Instinct In"stinct ([i^]n"st[i^][ng]kt), n. [L. instinctus instigation, impulse, fr. instinguere to instigate: cf. F. instinct. See {Instinct}, a.] [1913 Webster] 1. Natural inward impulse; unconscious, involuntary, or unreasoning prompting to any mode of action, whether bodily, or mental, without a distinct apprehension of the end or object to be accomplished. [1913 Webster]

An instinct is a propensity prior to experience, and independent of instructions. --Paley. [1913 Webster]

An instinct is a blind tendency to some mode of action, independent of any consideration, on the part of the agent, of the end to which the action leads. --Whately. [1913 Webster]

An instinct is an agent which performs blindly and ignorantly a work of intelligence and knowledge. --Sir W. Hamilton. [1913 Webster]

By a divine instinct, men's minds mistrust Ensuing dangers. --Shak. [1913 Webster]

2. (Zo["o]l.) Specif., the natural, unreasoning, impulse by which an animal is guided to the performance of any action, without thought of improvement in the method. [1913 Webster]

The resemblance between what originally was a habit, and an instinct becomes so close as not to be distinguished. --Darwin. [1913 Webster]

3. A natural aptitude or knack; a predilection; as, an instinct for order; to be modest by instinct. [1913 Webster]

The Collaborative International Dictionary of English. 2000.


Look at other dictionaries:

  • INSTINCT — L’éthologie comparative, qui cherche à retracer, à l’aide de comparaisons interspécifiques, l’évolution des comportements à travers la série zoologique, propose une théorie renouvelée des instincts et définit ces derniers comme des actes propres… …   Encyclopédie Universelle

  • Instinct — • The term usually includes the idea of a purposive adaptation of an action or series of actions in an organized being, not governed by consciousness of the end to be attained Catholic Encyclopedia. Kevin Knight. 2006. Instinct     Instinc …   Catholic encyclopedia

  • Instinct — is the inherent disposition of a living organism toward a particular behavior. Instincts are unlearned, inherited fixed action patterns of responses or reactions to certain kinds of stimuli. Examples of instinctual fixed action patterns can be… …   Wikipedia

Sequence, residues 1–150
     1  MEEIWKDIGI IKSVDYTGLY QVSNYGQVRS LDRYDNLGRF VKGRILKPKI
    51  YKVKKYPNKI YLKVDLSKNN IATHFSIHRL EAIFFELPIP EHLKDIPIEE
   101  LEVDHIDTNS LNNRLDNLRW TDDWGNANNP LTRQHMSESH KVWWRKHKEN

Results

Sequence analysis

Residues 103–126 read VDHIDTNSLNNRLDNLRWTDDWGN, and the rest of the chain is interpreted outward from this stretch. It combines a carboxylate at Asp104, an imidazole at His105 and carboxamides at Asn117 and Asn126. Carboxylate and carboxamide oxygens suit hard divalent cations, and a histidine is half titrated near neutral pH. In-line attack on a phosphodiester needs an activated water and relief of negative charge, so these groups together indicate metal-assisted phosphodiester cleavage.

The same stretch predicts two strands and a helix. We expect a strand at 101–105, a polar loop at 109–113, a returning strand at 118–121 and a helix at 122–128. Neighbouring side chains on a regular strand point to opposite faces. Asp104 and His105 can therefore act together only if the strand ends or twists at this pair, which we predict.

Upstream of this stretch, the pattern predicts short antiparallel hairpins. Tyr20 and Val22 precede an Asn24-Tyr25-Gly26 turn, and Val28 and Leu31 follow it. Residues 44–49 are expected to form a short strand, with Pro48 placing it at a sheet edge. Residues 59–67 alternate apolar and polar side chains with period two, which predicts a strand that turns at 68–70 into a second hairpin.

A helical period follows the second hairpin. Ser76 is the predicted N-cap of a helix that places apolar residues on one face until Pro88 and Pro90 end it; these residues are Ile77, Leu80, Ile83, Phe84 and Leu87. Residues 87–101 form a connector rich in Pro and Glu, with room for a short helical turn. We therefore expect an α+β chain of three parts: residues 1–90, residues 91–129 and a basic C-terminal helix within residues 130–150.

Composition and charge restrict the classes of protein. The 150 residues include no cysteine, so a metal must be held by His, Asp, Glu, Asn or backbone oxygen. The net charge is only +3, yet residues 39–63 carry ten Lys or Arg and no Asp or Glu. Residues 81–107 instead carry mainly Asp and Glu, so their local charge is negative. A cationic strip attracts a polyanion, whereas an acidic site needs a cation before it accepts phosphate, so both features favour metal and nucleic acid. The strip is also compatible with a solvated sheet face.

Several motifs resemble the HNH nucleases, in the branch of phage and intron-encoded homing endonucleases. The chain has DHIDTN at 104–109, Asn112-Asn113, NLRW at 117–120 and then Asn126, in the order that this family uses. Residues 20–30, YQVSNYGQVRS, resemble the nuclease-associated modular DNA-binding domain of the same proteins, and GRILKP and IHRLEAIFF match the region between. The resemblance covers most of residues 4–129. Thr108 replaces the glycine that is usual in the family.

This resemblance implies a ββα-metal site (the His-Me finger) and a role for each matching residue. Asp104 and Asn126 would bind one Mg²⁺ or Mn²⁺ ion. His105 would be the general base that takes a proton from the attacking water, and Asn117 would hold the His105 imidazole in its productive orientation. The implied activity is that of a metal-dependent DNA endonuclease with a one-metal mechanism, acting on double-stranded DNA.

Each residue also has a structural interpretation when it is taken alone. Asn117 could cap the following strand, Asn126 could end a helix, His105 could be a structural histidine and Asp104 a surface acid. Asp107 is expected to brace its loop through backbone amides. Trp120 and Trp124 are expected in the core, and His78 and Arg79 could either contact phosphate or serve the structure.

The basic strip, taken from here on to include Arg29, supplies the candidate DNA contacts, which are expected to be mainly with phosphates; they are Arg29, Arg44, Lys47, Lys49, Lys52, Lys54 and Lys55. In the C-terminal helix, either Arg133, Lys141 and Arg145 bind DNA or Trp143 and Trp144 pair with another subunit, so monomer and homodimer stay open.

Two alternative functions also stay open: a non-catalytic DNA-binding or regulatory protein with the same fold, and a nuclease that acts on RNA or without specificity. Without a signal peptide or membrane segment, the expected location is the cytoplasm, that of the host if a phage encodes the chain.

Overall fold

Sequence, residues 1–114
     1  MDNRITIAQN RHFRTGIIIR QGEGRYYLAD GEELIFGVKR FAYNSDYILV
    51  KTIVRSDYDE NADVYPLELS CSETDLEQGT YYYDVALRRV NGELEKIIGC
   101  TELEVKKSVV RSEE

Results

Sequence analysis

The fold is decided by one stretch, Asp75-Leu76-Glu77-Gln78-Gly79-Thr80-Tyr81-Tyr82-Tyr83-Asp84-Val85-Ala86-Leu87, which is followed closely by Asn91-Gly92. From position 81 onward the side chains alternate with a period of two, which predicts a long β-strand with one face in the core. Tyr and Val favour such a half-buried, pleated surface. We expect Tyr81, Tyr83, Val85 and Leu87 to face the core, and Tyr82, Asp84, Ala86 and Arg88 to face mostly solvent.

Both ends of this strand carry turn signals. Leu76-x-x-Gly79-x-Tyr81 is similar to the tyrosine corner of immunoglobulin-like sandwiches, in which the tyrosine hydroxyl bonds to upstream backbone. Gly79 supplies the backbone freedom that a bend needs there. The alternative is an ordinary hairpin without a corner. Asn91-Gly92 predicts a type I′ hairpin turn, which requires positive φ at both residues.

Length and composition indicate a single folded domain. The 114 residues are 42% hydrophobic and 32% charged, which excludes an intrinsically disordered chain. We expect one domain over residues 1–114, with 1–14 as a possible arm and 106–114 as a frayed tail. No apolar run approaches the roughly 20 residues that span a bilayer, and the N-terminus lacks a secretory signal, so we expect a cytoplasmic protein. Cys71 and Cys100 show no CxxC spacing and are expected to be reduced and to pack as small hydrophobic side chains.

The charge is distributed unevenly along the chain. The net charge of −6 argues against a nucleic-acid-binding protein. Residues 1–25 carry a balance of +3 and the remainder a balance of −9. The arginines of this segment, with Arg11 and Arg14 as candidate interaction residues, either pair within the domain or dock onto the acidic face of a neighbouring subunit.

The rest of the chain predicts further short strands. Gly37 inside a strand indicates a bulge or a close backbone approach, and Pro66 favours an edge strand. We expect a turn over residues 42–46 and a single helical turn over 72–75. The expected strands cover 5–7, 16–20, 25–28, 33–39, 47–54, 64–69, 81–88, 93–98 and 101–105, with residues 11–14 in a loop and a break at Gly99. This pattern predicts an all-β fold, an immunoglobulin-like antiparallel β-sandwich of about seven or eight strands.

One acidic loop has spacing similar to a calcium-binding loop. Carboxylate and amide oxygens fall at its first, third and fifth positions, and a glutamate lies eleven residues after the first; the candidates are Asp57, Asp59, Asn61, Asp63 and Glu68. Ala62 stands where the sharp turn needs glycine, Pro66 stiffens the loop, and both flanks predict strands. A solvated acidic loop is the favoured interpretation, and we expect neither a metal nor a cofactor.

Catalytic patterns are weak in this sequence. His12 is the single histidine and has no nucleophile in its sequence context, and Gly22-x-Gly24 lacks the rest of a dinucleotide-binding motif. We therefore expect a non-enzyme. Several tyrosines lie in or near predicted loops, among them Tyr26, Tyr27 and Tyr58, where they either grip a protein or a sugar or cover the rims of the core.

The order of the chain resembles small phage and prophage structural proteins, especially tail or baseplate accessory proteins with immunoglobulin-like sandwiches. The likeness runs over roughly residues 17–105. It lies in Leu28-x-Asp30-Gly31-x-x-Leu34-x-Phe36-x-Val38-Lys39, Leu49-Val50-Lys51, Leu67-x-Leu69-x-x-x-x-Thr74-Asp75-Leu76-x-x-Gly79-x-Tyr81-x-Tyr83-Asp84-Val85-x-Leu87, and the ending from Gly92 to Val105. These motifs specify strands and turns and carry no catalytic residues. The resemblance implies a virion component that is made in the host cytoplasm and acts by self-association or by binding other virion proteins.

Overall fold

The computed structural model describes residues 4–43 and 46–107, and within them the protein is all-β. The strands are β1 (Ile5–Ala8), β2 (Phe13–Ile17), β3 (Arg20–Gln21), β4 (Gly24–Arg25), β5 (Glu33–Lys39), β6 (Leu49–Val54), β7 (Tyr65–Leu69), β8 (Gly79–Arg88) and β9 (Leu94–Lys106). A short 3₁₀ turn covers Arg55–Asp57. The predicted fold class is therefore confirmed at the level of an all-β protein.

• instinct — INSTÍNCT, instincte, s.n. Complex de reflexe înnăscute, necondiţionate, proprii indivizilor dintr o anumită specie şi care le asigură dezvoltarea organismului, alimentarea, reproducerea, apărarea. – Din fr. instinct, lat. instinctus. Trimis de… …   Dicționar Român

  • instinct — INSTINCT. s. m. Certain sentiment & mouvement que la nature a donné aux animaux pour connoistre ce qui leur est bon ou mauvais. Un instinct naturel. les bestes ont l instinct qui les fait agir, se conduisent, se gouvernent par l instinct, par pur …   Dictionnaire de l'Académie française

  • instinct — [in′stiŋkt΄; ] for adj. [ in stiŋkt′, in′stiŋkt΄] n. [< L instinctus, pp. of instinguere, to impel, instigate < in , in + * stinguere, to prick: for IE base see STICK] 1. (an) inborn tendency to behave in a way characteristic of a species;… …   English World dictionary

  • Instinct — In*stinct , a. [L. instinctus, p. p. of instinguere to instigate, incite; cf. instigare to instigate. Cf. {Instigate}, {Distinguish}.] Urged or stimulated from within; naturally moved or impelled; imbued; animated; alive; quick; as, birds… …   The Collaborative International Dictionary of English

  • Instinct — Разработчик …   Википедия

  • Instinct — (ISSN 1096 0058) ist eine US amerikanische Zeitschrift. Die Zeitschrift richtet sich an homosexuelle und bisexuelle Männer in den Vereinigten Staaten. Das Magazin wird seit 1997 monatlich in englischer Sprache landesweit herausgegeben, Die… …   Deutsch Wikipedia

  • Instinct — In*stinct ([i^]n*st[i^][ng]kt ), v. t. To impress, as an animating power, or instinct. [Obs.] Bentley. [1913 Webster] …   The Collaborative International Dictionary of English

Share the article and excerpts

Direct link
Do a right-click on the link above
and select “Copy Link”